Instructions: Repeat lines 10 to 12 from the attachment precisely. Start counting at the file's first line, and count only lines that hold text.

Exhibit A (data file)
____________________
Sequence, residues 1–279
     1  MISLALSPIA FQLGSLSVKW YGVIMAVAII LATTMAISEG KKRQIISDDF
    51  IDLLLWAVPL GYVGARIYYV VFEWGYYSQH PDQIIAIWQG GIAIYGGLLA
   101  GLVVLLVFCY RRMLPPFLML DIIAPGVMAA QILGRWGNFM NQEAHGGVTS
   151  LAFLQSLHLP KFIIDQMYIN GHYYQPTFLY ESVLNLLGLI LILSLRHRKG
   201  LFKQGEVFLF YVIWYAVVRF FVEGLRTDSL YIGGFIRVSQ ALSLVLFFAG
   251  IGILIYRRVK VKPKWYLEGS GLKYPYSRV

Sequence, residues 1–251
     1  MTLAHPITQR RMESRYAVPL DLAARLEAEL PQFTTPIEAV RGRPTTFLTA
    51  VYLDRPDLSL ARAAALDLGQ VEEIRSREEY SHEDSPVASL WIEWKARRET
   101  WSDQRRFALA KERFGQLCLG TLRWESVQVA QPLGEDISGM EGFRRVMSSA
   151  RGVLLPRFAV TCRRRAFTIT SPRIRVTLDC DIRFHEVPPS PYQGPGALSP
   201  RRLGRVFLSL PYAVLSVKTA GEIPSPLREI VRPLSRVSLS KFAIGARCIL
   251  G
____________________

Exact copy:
    51  VYLDRPDLSL ARAAALDLGQ VEEIRSREEY SHEDSPVASL WIEWKARRET
   101  WSDQRRFALA KERFGQLCLG TLRWESVQVA QPLGEDISGM EGFRRVMSSA
   151  RGVLLPRFAV TCRRRAFTIT SPRIRVTLDC DIRFHEVPPS PYQGPGALSP